Before embarking on this or any trip, Harry, the consummate journalist, likes to do his homework by learning what he can about a place online. He said their Facebook page has it as "Trix's" ... so WTF?  Wouldn't surprise me. O'Hare's, as I recall,  was unclear about its
Fair warning in the parking lot
name, as was Bailey's.  And sure enough, as we drove up, "Trix's" it is. However, nobody there called it that, nor do I.  A zillion movie and TV Trixies over the years, including Joyce Randolph, Ed Norton's wife on the old Jackie Gleason show who looked like someone who could own -- and be good at owning -- a bar took care of that.

Speaking of signs, signs, everywhere signs ... all kinds of signs around the parking lot, some cute, some even clever, some not, some unreadable due to wear.  But I applaud the attempt, a warm-up of sorts, getting you in the mood to have some lighthearted fun.  Going in, I half-expected the mandatory sign about being 21 to read "This Trix ain't for kids."  Alas, it did not (but I got to use "alas," which nowadays is darn difficult to work in a conversation and tickles a wordsmith no end).  As we entered, a couple of regulars were outside smoking and they greeted us with cheerful hellos.  A good sign.

Trixie's, however, was born under a bad sign.  Literally.  According to Danielle, the young
Danielle the bartender

and friendly bartender, when the current owners took over from Madeline's, the sign out front was supposed to read "Trixie's" (or "Trixi's").  How the end got left out is unclear.  No matter, as I said, cuz everyone calls it "Trixie's."  ( FWIW, I was in here before, when it was Madeline's" but it was smaller; that's why I didn't recognize it from the outside.  Danielle pointed out the addition line where Trixie expanded the joint by about a third.)

If Trixie's was in Las Vegas, it would probably be called  a "grind joint."  For those unfamiliar with the term, the most common definition is "a casino for low rollers."  But that's a gross oversimplification.  Don't be put off by the name.  Some of my favorite casinos are grind joints, not the least because they are. Most are downtown but some are/were on the Strip (O'Shea's, Imperial Palace, Slots-a-Fun, to name a few; O'Shea's and IP are now gone) and I've spent many an hour there.  Their forte is not glitz (although they try in their humble way)  but a friendly game, good prices and good service.  No fads, no frills, no fancy stuff.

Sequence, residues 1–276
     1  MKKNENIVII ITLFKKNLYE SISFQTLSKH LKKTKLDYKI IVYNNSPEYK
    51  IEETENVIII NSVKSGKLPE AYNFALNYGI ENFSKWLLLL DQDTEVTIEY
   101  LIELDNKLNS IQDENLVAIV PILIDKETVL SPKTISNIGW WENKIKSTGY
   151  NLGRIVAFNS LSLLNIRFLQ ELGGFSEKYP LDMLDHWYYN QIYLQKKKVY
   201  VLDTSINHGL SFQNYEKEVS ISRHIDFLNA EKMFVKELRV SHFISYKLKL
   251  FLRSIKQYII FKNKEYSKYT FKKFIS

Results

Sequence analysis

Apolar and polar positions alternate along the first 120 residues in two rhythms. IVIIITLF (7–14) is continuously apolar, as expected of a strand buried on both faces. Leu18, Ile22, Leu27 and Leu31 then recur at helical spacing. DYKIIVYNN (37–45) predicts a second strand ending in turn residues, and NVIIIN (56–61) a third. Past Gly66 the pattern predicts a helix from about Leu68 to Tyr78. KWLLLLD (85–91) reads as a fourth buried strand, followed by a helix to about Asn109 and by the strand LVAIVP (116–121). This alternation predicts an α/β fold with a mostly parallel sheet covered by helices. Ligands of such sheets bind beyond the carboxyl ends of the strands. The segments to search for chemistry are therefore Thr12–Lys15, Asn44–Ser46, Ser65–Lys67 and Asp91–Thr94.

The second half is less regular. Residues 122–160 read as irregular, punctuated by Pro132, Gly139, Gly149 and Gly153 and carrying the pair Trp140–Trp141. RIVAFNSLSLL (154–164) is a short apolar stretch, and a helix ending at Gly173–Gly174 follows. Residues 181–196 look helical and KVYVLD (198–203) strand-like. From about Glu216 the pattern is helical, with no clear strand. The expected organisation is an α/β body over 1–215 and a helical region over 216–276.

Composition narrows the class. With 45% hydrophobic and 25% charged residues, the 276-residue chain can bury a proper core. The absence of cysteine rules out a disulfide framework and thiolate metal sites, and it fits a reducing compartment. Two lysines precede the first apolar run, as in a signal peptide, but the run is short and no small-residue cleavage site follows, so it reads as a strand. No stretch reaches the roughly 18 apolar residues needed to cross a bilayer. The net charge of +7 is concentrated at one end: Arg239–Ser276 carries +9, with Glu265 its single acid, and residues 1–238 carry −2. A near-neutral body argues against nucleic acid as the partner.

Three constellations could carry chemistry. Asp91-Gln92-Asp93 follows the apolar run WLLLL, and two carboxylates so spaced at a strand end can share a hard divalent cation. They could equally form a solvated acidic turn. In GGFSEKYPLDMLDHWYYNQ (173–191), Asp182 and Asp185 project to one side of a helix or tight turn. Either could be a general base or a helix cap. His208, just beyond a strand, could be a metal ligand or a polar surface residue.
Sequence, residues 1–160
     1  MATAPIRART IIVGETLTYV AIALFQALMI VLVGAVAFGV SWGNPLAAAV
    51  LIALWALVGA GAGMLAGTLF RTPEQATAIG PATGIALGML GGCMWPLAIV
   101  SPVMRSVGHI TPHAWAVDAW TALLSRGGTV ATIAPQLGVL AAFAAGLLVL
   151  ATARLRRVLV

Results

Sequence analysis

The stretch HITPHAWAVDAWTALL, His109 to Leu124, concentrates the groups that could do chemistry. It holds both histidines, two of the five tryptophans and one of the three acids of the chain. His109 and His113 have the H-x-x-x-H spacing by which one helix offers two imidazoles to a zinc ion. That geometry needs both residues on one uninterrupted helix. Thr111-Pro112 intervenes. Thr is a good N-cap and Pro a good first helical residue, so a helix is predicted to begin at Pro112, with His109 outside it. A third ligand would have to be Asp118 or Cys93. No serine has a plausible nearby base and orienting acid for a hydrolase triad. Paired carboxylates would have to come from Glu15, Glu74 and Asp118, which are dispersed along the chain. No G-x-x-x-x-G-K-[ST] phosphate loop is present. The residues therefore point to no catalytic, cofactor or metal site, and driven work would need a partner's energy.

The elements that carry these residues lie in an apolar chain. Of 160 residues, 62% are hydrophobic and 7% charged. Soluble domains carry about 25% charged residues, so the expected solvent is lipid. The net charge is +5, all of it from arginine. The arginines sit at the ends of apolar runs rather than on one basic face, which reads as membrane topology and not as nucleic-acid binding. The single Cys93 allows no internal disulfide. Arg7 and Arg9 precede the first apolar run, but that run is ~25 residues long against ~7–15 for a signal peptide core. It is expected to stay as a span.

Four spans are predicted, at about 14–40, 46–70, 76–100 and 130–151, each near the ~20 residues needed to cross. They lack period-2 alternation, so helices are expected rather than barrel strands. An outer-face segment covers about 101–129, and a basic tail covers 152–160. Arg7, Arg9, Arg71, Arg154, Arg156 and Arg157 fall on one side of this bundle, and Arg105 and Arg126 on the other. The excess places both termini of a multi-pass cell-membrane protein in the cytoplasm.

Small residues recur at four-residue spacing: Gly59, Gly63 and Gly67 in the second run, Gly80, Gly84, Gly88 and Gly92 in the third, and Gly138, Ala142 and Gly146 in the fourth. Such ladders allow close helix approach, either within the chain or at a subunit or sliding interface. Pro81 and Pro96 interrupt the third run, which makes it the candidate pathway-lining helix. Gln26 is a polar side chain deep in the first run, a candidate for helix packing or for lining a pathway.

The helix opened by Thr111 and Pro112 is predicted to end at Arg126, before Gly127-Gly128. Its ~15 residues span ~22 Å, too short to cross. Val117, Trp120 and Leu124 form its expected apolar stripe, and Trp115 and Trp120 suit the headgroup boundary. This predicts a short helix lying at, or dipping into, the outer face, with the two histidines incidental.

If you can read this, it's time to stop drinking
Trixie's is small with low ceilings. The bar itself is topped with formica. There are s no games, no food what ain't in a bag, two beers on tap (one regular, Busch, one light, Bud, but how many do you need?) and no air conditioning to speak of.  There is a "wall-shaker," but it was off because Danielle says it takes about 4 days to cool the place down. (Fortunately, it wasn't a very hot day and it wouldn't have mattered anyway because half-way through our visit, a storm knocked out the power.)

On the other hand,  they do have coolers in which there are other beers. And being intrigued by the TV commercials (to Harry's disgust because he believes fruit has no business in beer), I tried a Redd's Apple Ale and liked it. I paid $2.50.  Another bar I went to across town has it for $3.25.  That's what a grind joint'll get ya.  It comes down to this:  Whaddaya want, cheap drinks in a close, friendly atmosphere or air? Take your pick.  And after all,  we really only need air conditioning a couple hours a day a couple months a year, so what's the big deal?

Here's what else it gets you.  They had a raffle going and I bought an arm's length of tickets.  Normally, the seller splits them down the middle and hands them to you along with a pen for you to fill out. Here, Danielle filled them out for me.  Sure, it's small, but it's still good customer service -- as I said, one of the hallmarks of a grind joint.  One of the prizes was a $10 gift certificate to there and I said if I win that, we'll come back and I'll buy Harry and Doc and Rocky (a regular who we struck up a conversation with), a beer.  Hope I win.  Rocky does too.  But wait, there's more.

One of the problems with day-tripping is that you don't see the night-time personality of
A memorial on the ceiling inside Trix's
the bar.  In our case, this is by design.  We try to pick a time when we think/hope the bartender will be available for questions and we can catch a happy hour if it's available.  But we miss the extra things a place like Trixie's does.